This page discusses minimisation of consumer data losses
through network management, vetting and other mechanisms.
It covers -
is complemented by the more detailed discussion in the
Security & InfoCrime
guide elsewhere on this site.
The prevalence of data loss incidents highlighted in the
preceding pages of this note indicates that inappropriate
exposure of personal information is not restricted to
academic institutions or SMEs. Loss has occurred in government
organisations and corporations that have the infrastructure,
skills and other resources for effective protection of
the information with which they have been entrusted.
It is clear that exposure of some consumer data has occurred
because personnel have failed to adhere to corporate protocols.
Other losses reflect the inadequacy of such protocols
or the failure of data custodians to ensure that basic
mechanisms such as encryption of files, password protection
of laptop computers and clean-up of surplus servers are
Some organisations appear to have been penny wise and
pound foolish, saving small amounts of money by omitting
some protections and as a result suffering substantial
costs, whether through payment of credit reports and call
centres (the US Veterans Affairs agency budgeted over
US$100 million for its response to loss of data in 2006)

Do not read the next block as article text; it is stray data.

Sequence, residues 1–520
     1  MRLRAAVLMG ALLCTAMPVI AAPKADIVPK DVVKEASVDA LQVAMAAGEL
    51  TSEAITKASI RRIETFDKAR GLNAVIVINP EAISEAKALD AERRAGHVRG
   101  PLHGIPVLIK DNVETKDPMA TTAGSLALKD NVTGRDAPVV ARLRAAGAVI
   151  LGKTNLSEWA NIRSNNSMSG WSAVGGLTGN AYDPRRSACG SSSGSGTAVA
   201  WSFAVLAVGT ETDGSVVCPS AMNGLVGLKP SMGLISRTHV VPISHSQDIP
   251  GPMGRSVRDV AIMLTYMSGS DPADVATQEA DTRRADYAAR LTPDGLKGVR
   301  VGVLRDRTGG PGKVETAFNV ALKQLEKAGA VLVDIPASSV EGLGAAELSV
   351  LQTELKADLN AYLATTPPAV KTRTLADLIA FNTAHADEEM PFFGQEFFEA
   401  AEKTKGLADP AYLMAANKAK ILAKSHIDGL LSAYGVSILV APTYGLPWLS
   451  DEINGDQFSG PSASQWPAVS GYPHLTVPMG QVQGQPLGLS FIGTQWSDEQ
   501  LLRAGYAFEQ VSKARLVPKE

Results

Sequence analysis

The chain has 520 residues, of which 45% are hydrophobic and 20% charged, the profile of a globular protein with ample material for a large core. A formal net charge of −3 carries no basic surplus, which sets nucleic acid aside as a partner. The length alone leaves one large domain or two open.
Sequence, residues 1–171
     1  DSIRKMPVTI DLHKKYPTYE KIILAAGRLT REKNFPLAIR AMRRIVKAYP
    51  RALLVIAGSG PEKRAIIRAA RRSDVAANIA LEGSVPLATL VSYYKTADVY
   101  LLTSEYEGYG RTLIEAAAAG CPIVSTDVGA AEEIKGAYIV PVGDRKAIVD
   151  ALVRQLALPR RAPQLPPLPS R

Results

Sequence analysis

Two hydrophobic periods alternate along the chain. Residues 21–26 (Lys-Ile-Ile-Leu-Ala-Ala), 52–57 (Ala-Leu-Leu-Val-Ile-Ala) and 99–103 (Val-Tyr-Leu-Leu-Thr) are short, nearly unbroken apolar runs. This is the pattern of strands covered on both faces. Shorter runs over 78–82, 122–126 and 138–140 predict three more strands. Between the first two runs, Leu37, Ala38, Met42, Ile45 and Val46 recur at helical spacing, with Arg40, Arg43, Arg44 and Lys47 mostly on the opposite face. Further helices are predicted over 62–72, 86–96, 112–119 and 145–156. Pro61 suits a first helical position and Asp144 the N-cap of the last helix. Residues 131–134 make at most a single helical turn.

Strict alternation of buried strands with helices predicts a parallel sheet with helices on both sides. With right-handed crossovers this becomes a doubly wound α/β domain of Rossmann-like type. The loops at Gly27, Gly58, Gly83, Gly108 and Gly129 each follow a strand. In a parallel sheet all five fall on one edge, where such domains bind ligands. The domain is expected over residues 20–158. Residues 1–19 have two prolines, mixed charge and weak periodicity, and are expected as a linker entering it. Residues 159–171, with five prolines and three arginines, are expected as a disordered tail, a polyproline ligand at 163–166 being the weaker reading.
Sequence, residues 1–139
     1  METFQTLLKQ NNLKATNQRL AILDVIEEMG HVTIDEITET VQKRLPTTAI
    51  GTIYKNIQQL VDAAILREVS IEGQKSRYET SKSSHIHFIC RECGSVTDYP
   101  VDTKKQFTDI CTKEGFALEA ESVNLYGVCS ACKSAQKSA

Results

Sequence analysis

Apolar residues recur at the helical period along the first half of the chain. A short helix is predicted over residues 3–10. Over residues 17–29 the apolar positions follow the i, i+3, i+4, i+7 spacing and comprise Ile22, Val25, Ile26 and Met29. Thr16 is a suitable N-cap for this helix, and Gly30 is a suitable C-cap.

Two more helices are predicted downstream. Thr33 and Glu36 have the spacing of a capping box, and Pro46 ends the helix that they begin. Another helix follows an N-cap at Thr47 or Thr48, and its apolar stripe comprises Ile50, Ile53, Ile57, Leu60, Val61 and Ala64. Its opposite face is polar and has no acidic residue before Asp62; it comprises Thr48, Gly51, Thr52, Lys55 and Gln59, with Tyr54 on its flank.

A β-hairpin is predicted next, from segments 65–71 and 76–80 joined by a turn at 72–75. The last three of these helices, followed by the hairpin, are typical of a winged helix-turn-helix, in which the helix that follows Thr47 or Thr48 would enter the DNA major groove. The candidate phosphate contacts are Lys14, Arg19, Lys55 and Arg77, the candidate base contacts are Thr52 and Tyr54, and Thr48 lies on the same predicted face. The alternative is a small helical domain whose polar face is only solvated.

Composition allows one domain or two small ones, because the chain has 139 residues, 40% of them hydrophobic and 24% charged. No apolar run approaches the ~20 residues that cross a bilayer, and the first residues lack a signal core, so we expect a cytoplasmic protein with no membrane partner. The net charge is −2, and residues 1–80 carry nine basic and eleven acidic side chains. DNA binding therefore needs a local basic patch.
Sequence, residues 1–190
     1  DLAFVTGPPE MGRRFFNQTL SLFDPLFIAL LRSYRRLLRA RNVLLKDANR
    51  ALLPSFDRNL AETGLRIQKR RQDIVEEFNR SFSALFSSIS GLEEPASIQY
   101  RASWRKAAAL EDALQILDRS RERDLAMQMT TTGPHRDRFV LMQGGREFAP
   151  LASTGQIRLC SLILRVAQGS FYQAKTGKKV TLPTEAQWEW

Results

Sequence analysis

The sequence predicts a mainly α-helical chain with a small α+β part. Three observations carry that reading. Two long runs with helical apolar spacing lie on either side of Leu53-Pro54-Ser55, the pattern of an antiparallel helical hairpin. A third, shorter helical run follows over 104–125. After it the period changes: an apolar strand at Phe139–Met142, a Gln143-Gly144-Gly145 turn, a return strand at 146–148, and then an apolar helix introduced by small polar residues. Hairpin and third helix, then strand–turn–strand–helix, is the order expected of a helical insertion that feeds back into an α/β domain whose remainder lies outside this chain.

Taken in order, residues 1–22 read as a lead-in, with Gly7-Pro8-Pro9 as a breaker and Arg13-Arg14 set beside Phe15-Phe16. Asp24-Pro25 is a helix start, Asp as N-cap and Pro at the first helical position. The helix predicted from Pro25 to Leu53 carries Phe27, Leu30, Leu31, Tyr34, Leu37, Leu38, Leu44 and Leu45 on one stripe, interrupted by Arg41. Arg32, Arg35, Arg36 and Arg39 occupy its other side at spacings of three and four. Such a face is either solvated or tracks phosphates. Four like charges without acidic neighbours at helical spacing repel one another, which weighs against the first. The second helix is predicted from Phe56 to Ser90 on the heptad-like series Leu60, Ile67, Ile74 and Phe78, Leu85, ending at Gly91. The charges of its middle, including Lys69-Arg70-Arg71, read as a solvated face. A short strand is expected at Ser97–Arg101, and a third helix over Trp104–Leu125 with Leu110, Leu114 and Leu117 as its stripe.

or more subtly through erosion of consumer trust.
Few appear to have embraced notions that they are custodians
rather than owners of consumer data. One of our more amusing
associates sings a Lesley Gore parody
our data and we'll lose it if we want to,
lose it if we want to
recognition of custodianship is changing slowly. Data
protection is ultimately a question of cost. The current
balance arguably needs to shift from costs borne directly
by victims to costs borne by custodians. Over time it
is conceivable that such a shift (and hence better protection)
will be driven by insurance companies rather than by legislation.
What risk assessment is undertaken by data custodians?
The answer is not clear. That is unsurprising. Threat-savvy
organisations do not wish to equip potential offenders
with tools by publicising their security processes. Others
do not wish to experience embarrassment by demonstrating
that their risk assessment and actions were inadequate.
Overall it is apparent that some organisations have not
undertaken a formal or comprehensive risk assessment and
that, judging by the incidents highlighted in preceding
pages of this note, follow-up action has been inadequate.
Risk assessment would typically need to cover -
data is handled by the organisation (directly and by
agents such as call centres, couriers and archives)
is the shape of threats
is the probability of those threats
are the costs of minimising potential exposure of data
are the costs of potential exposure (eg erosion of brand,
fines, tighter regulation, million dollar charges for
provision of credit reference services and operation
of call centres)
assessment should be reflected in steps to minimise risk.
One point of entry is provided in the Australian Standard
(AS 4360) Risk Management portal.
Preceding pages have highlighted the inadequacy of much
network management, with unauthorised access to devices,
networks and databases.
Responses include -
physical security (highlighted in the following paragraph),
which can be as simple as locking unauthorised people
out of the rooms that house an organisation's networked